How Does Drug Addiction Start: The Factors that Affect Abuse and Addictive Behavior
- The Big Misconception
- What is Addiction?
- What are the Causes of Addiction?
- How Does Genetics Increase the Risk of Addiction?
- How is Addiction a Developmental Disorder?
Addiction treatment programs are often highly personalized because people experience addiction differently. Behavioral therapy is one of the most important aspects of the treatment process, as it is designed to address the root causes of addictive behavior.
But what exactly are these root causes? How does addiction start? Let’s take a closer look.
The Big Misconception
We’ll start by addressing a huge misconception that many people have about addiction: that it is entirely the person’s choice, and that they can stop any time they want. True enough, even addicted people think it’s just a matter of willpower. They put off recovery because they believe they can quit any time. But this only justifies their addictive behavior—it means that they are still unwilling to seek treatment.
That is because they physically cannot quit. Addiction is more complex than a set of personal or political beliefs. It is a medical condition that has many layers to it. It can be biologically predicted—it can also be due to personal responsibility. It is, in fact, a mixture of both.
What is Addiction?
Addiction is the compulsive need for a certain substance, often drugs or alcohol, and the inability to resist the urge to take it despite already suffering from the physical and emotional consequences. It comprises a series of challenging mental health disorders that are still not fully understood. There are many different causes, and this is what makes the issue so difficult to tackle without professional help.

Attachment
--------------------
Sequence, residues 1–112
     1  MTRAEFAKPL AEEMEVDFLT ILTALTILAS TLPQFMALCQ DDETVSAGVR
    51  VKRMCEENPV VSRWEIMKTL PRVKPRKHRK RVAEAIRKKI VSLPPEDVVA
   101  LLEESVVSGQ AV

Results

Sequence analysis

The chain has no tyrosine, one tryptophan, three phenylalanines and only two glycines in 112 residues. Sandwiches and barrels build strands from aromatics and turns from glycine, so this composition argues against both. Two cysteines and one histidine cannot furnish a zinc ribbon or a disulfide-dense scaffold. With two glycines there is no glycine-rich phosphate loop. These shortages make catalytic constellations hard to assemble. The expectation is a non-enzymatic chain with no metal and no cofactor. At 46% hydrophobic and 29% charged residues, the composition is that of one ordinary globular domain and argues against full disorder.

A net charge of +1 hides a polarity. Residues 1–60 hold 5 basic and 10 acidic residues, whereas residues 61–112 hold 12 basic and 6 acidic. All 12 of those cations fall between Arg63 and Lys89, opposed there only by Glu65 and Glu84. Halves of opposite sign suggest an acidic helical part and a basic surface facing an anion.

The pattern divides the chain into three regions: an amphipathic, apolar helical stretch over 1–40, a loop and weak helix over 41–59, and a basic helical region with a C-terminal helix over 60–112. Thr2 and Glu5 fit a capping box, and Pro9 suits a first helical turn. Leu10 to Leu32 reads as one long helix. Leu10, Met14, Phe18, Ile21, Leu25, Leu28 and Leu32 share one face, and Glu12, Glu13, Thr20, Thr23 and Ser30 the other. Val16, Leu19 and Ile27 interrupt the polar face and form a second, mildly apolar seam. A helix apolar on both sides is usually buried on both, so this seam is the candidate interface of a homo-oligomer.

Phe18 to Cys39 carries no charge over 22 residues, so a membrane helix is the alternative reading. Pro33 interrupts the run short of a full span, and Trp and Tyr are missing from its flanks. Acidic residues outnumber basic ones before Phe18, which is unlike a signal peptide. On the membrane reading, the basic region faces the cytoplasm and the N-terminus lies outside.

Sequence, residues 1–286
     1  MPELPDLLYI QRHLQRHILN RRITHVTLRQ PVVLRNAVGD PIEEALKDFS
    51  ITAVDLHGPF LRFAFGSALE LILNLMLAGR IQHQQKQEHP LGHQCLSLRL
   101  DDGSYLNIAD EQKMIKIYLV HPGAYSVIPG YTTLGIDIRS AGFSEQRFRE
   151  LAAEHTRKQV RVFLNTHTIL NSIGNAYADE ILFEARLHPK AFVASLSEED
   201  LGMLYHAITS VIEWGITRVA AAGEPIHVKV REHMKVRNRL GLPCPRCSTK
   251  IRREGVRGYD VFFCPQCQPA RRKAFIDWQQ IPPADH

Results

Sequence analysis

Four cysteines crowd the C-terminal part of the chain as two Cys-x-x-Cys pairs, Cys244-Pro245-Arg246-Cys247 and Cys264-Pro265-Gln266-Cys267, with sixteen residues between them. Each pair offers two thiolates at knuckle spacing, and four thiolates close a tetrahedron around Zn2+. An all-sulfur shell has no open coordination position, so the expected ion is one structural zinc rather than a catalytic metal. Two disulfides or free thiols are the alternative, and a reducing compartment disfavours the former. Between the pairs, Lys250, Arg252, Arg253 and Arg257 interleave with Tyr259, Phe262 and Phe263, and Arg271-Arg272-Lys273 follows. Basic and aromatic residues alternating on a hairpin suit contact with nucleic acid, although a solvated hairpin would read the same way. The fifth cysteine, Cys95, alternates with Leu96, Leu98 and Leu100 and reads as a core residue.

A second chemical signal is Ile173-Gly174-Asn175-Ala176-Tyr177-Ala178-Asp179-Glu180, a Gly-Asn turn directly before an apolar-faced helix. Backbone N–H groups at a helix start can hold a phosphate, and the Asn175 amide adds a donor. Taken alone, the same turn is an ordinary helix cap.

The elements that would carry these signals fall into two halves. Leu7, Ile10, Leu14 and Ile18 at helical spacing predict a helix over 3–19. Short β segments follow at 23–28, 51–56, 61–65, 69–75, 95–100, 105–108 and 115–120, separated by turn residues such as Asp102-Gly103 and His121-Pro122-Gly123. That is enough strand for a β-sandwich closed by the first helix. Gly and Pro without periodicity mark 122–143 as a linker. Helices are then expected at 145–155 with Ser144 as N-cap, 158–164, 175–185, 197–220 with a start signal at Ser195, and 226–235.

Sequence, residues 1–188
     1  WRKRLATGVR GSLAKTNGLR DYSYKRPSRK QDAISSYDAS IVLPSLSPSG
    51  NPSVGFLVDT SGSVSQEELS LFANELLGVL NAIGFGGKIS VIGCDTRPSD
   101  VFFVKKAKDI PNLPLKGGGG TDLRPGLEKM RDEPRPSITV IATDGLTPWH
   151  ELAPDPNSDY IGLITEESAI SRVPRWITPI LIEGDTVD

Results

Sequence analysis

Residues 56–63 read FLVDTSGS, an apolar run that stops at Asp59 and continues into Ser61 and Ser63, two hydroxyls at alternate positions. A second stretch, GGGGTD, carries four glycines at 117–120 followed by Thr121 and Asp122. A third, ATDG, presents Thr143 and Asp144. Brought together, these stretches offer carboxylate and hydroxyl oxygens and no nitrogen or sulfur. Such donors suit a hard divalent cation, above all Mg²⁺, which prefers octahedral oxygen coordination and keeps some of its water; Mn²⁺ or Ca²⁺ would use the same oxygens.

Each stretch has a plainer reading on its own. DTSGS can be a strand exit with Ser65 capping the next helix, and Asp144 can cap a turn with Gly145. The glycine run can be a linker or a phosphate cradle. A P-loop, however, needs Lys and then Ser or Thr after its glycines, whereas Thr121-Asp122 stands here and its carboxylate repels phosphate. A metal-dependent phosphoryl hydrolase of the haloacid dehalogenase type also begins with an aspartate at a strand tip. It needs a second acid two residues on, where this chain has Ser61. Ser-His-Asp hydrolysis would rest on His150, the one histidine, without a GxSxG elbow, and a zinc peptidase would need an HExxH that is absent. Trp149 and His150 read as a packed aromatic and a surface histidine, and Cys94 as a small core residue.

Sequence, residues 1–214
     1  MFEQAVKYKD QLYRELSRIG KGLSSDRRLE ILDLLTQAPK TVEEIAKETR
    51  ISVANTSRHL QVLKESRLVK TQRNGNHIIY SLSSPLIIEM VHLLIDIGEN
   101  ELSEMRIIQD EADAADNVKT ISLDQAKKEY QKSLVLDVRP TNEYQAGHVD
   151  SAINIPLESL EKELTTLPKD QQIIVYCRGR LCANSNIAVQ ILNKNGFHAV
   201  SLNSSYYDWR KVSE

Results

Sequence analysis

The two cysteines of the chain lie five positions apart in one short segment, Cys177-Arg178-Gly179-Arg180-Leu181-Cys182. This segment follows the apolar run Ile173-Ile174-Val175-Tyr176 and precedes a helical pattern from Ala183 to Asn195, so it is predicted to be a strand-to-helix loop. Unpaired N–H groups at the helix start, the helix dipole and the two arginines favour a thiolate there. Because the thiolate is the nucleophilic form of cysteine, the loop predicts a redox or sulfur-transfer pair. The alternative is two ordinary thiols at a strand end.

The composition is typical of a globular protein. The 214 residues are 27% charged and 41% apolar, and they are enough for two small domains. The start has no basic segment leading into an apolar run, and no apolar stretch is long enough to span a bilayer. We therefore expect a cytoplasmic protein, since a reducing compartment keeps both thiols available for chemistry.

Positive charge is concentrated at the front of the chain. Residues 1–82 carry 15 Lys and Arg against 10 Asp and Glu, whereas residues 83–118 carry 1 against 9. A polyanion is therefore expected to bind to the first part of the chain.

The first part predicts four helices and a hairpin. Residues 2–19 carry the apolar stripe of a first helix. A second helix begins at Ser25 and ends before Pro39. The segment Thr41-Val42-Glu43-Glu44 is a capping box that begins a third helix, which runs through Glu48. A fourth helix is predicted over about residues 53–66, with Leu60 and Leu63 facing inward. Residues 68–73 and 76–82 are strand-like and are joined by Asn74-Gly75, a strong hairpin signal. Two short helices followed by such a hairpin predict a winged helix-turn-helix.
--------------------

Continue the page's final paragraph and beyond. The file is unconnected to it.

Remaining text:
What are the Causes of Addiction?
The National Institute on Drug Abuse or NIDA recognizes that there is no single factor that determines a person’s risk for substance abuse and addiction. Based on a great deal of research, however, we can identify a handful of common factors: biology, environment, and development.
Biology refers to all the genetic factors that may affect a person’s risk for substance abuse. There are also a number of physical factors that may come into play, such as gender, ethnicity, health condition, fitness, metabolism, and other factors. According to NIDA, this factor may contribute about 40 to 60 percent of a person’s risk of addiction.
A person’s upbringing, beliefs, and experiences can also influence their attitude towards the use of drugs. Their development and environment play a major role in this. A person’s childhood and adolescence may make substance use more likely to occur early and lead to bigger problems later in life.
A combination of these elements often influences a person’s decision to begin using or abusing addictive substances. And while there is still an element of choice involved, the person’s decision is heavily swayed by these numerous factors.
How Does Genetics Increase the Risk of Addiction?
One of the risk factors for addiction is a family history of substance abuse or other mental health conditions. This demonstrates that genetics has something to do with addictive behavior: the risk of becoming addicted could be passed down through genetic pathways.
However, this is only one part of the equation. In fact, these genetic factors may never even come into play if the person’s environment and upbringing don’t promote the behavior.
How is Addiction a Developmental Disorder?
A childhood home that is chaotic, unstable, or abusive, may cause the person to become more vulnerable to addictive behavior later in life. Other environmental factors include peer pressure, academic stress, financial problems, or constant pressure.Call 855-227-9535 Now To Check Your Insurance Benefits
The day-to-day experiences of each individual should not be discounted. Socioeconomic status, residence, and prevalence of crime in the neighborhood are also known to be contributing factors to the risk of substance abuse.
This means it’s not only your childhood that can create problems for you, but also your life now—your choices, your experiences, and your problems can all give way to something much harder to deal with if you resort to taking drugs as an escape. Some people abuse drugs much later in life and suffer all the same. Do not let stress and every other factor consume you. Addiction is a serious medical condition that requires medical assistance, and a few minutes of euphoria isn’t worth all of it.
If you or someone you care about is addicted to drugs or alcohol, look for a rehab facility near you today! Medical detox and behavioral therapy can go a long way, and professionals can help them address the root causes of their addiction. Get started on the road to recovery today!
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